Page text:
“We’ve asked you a great many questions today. I’d say you’ve earned some answers of your own. I imagine you have more questions than I can address all at once, so for now, which one is most important to you?”
Why did the bad guys want Tyndall dead? Why did Tyndall think I was part of that? Why did the bad guys want the coin? Why did they want me? What were those spiders? Why does London have elevated trains instead of a subway? What’s wrong with the air? How did the South win? What the hell holds those flying ironclads up?
“How do I get back to my daughter?” I said.
He leaned back on the sofa and examined me. I could tell he had no answer, but the question interested him.
One of the clerks walked through the door and hurried over to us.
“Professor Thomson, the villain who fell from the window is conscious and his injuries do not seem life-threatening. We have him in a room off the front parlor for now. To where should we have him taken?”
“I think we’ll talk to him there. Find Captain Gordon and have him join us, would you?”
He turned to me as the clerk left.
“Come along, Fargo. I will tell you honestly that I cannot imagine how it is possible to return you to your time, but I know of one man who might help us. First, however, we must attend to this business.”
When we got downstairs, Gordon was already questioning the thug, had already finished in a sense.
“This blackguard won’t tell us anything,” he announced in disgust as soon as we arrived. I glanced over at the fellow — thin in the face, wiry-looking, but a thick torso under his coveralls. His face was skinned up, nose broken, with blood caked around his mouth and chin. He sat on a sofa with his left leg propped up on it.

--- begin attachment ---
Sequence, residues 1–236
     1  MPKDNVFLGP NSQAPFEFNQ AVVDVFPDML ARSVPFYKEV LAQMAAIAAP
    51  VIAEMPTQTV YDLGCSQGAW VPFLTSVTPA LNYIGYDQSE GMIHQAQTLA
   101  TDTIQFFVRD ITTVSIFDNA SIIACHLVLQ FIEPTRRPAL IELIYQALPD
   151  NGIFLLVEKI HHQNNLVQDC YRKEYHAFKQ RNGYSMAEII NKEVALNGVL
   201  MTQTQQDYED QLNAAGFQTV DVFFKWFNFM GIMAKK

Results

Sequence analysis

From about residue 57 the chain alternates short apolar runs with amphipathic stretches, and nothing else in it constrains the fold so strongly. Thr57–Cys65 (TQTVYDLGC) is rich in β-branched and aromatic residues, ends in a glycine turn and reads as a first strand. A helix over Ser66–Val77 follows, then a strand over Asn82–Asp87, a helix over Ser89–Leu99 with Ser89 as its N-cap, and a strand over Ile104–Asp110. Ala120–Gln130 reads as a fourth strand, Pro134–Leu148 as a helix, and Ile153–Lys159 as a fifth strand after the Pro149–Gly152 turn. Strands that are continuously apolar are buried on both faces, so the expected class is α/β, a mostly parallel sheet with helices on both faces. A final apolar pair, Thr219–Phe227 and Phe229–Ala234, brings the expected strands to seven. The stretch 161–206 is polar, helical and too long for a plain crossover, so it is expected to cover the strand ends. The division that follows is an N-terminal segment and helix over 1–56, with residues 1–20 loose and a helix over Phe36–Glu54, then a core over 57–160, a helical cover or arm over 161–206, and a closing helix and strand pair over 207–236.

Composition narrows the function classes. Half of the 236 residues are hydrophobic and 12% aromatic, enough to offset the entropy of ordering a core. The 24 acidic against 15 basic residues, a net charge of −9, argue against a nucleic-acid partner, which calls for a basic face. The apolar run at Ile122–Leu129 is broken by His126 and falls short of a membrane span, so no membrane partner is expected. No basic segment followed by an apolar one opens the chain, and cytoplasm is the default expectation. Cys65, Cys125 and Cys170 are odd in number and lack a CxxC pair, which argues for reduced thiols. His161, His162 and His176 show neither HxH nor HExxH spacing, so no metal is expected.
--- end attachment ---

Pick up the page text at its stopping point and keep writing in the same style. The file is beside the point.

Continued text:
I walked over and had a look at his leg, touched it below the knee, and he winced in pain. The trouser leg was bloodstained, and the irregular bulge suggested a bone sticking out of the skin.
“Nasty compound fracture you got there. If a doctor doesn’t take care of it, you could end up with gangrene, lose the leg.”
He licked his lips, and sweat trickled down the side of his face.
“So what? Dead’s as dead, either way.”
At least that’s what I thought he said. He dropped almost all the consonants, leaving a series of vowel-like grunts, so it was hard to tell for sure, but I was starting to get the hang of some of the accents and the meter of the speech. I could read and speak Latin, ancient and modern Greek, Aramaic, German, Spanish, French, and a half-dozen Middle-Eastern and Central-Asian languages and dialects. You’d think I could decipher Cockney English.
“He won’t tell us anything,” Gordon repeated.
I ignored him and leaned forward, rapped the fellow lightly on his chest. Under the fabric it was hard, rigid, and made a muffled thunk.
“Thought so. That first shot of yours didn’t miss the other one, Gordon. These guys are wearing some sort of body armor.”
“Body armor?” He came over and leaned forward to rap it himself. “Well, damn me if he ain’t.”
“You tell him you were going to see him swing for this, no matter what?” I asked.
“Of course I did.”
“Yeah, and now he won’t talk. What a shocker.”
“If you think you can do any better, be my guest.”
I couldn’t imagine doing much worse. I pulled over an armchair to face the sofa and noticed Thomson take a chair near the door. Gordon remained standing, pacing back and forth, scowling ferociously. Good. I didn’t know if these guys had come up with Good Cop, Bad Cop yet, but if not, it was about time.